Freskin

Freskin, of Sutherland


Freskin, a person of unknown descent, but who is believed to be of Flemish origin, upon whom King David I., in pursuance, it is said, of a colonising policy, bestowed wide landed possessions. These included Strabrock (Uphall and Broxburn), in West Lothian, and the lands of Duffus, Roseisle, Inchkeil, Macher, and Kintray, forming the larger part of the parish of Duffus and a portion of the modern parish of Spynie, between Elgin and the Moray Firth. At least Freskin is said to have held these lands of King David I., for Freskin himself is named only once, in a charter granted to his son William, between 1166 and 1171, by King William the Lion, which confirms the lands named as having been held by Freskin.[1] Freskin therefore must have died before 1166. According to the editor of the Registrum Moraviense, followed by Sir William Fraser in his Sutherland Book, he had three sons, Hugh, who was the ancestor of the Sutherland family, William of Duffus, and Andrew, a churchman. But Hugh, son of Freskin, is only named once, in a writ dated between 1147 and 1150, and that in such circumstances as to make the evidence untrustworthy,[2] while Andrew is clearly identical with a namesake of a later date. The weight of testimony rather points to the probability that Freskin had only one son, a view already adopted by Lord Hailes and George Chalmers.[3] Shaw, in his History of Moray, also assigns to Freskin only one son, William.

[1] The original charter was formerly in the possession of Katherine Stewart, Lady Cardross, and was seen by Nisbet. Its present custody is not certain, but a copy exists in a MS. 'Cartæ Variæ,' belonging to the Society of Antiquaries. The witnesses were David, the King's brother, Andrew, Bishop of Caithness, Felix, Bishop of Moray, Matthew, Archdeacon of St. Andrews, Earl Waldeve, Earl Duncan, Richard Morville, constable, Ness son of William, Richard Cumin, Gilbert son of Richerius, William Vetere Ponte, William Lyndsay, Henry Luvel, John de Vallibus, William Hay, Walter Berklai, Richard the clerk. Earl Waldeve succeeded in 1166, and Felix, Bishop of Moray, died in 1171.
[2] Cf. Early Scottish Charters, by Sir Arch. C. Lawrie, 186, 430, where the objections to the write are stated.
[3] Mr. Innes, in a note (Registrum Moraviense, Pref. xxxii), would have preferred this view, but found what he thought was evidence of two sons, Hugh, son of Freskin, and William, son of Freskin, in a charter in Shaw's Moray, 1st ed., 406. But the charter is of date 1196, and Shaw's copy is incomplete - the names being really Hugh, son of William Freskin, and William, also son of William, of a later generation. (This copy is preserved in a French MS. Cal. of Docs., France 491.) It therefore does not conflict with, but rather supports the theory in the text. Mr. George Chalmers also gives two sons to Freskin, but his only authority for Hugh is the doubtful charter cited above.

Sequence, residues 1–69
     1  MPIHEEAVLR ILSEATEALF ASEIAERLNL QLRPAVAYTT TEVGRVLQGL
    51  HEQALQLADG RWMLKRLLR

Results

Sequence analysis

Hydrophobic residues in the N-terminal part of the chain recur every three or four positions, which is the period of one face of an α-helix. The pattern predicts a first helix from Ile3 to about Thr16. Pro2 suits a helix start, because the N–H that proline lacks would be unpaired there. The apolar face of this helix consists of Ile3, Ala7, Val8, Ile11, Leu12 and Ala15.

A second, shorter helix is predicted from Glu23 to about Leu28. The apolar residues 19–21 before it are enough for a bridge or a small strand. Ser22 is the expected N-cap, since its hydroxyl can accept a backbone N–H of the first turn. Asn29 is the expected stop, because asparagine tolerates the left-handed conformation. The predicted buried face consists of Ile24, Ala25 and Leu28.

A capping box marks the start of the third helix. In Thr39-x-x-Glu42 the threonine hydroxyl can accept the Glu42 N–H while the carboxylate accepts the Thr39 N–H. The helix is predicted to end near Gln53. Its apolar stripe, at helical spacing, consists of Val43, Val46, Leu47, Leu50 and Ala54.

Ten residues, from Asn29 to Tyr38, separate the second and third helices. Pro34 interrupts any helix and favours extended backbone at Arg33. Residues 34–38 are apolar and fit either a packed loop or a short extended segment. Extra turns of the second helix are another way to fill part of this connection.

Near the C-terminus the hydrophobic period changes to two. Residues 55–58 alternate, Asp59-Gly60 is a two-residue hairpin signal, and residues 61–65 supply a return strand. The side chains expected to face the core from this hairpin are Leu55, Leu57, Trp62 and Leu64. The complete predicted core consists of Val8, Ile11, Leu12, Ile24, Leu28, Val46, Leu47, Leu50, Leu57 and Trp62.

Sources: Balfour Paul, J. (1911) The Scots Peerage, vol. 8. Edinburgh: David Douglas.



The long ennobled and illustrious family which takes its surname from Sutherland is more fortunate than many other noble and baronial houses of Scotland. Its high antiquity and splendid lineage are established in an unbroken line from the days of King David the Frist in the twelfth century, while the dignity of Earl of Sutherland is nearly contemporary with the first known ancestor of the family. The earldom was created by King Alexander the Second of Scotland about the year 1235, and has long been recognised and ranked as the most ancient in that kingdom.
     The earliest historian of the Sutherland family was Sir Robert Gordon of Gordonston. He was the second surviving son of Alexander, the eleventh Earl of Sutherland, and his history of the family, after many years of labour, was finished in the year 1630. A contemporary copy of the original manuscript is still preserved at Dunrobin, along with a later copy from which the printed edition of 1813 was made, and a continuation of the history down to the year 1651 by Gilbert Gordon of Sallachy. Sir Robert Gordon's book is a well-known historical and genealogical work, and has been largely quoted by later historians.
     In regard to the earlier generations, and especially as to the origin of the family of Sutherland, Sir Robert Gordon does not escape from the prevailing fault of the historians of his day. In his desire to assign a greater antiquity ot the family than that which they have from the twelfth century, he ventures far beyond the domain of authentic record. He tells us that in the year A.D. 63 a "certain people called Morrayes," expelled from Germany, arrived in the Firth of Forth, and finding favour in the eyes of Corbred, king of Scotland, were settled in the region between the Spey and the Ness, thereafter called Morayland from its inhabitants. Thirty years later, in A.D. 91, another company of Germans arrived, who received lands to the north of Morayland, and gave their own name to the locality, callig it Cattey. But as they were of the same kin as their predecessors in Morayland, these Cattean Germans were also in time styled Morrayes, and "divers thaines and cheiftaynes of that stok and surname did successivelie governe and rule ther, one efter another."